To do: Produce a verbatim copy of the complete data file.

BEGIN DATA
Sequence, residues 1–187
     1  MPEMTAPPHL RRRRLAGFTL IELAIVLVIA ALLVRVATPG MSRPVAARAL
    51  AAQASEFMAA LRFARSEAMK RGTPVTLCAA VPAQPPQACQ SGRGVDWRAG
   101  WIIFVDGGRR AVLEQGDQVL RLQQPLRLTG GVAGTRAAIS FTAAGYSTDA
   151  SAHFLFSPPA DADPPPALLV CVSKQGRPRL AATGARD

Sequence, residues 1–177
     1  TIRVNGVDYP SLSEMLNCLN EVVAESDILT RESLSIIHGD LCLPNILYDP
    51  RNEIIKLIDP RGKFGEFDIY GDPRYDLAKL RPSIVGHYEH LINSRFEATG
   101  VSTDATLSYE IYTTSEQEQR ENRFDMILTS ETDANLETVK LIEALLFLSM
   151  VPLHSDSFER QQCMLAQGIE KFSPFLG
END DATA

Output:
Sequence, residues 1–187
     1  MPEMTAPPHL RRRRLAGFTL IELAIVLVIA ALLVRVATPG MSRPVAARAL
    51  AAQASEFMAA LRFARSEAMK RGTPVTLCAA VPAQPPQACQ SGRGVDWRAG
   101  WIIFVDGGRR AVLEQGDQVL RLQQPLRLTG GVAGTRAAIS FTAAGYSTDA
   151  SAHFLFSPPA DADPPPALLV CVSKQGRPRL AATGARD

Sequence, residues 1–177
     1  TIRVNGVDYP SLSEMLNCLN EVVAESDILT RESLSIIHGD LCLPNILYDP
    51  RNEIIKLIDP RGKFGEFDIY GDPRYDLAKL RPSIVGHYEH LINSRFEATG
   101  VSTDATLSYE IYTTSEQEQR ENRFDMILTS ETDANLETVK LIEALLFLSM
   151  VPLHSDSFER QQCMLAQGIE KFSPFLG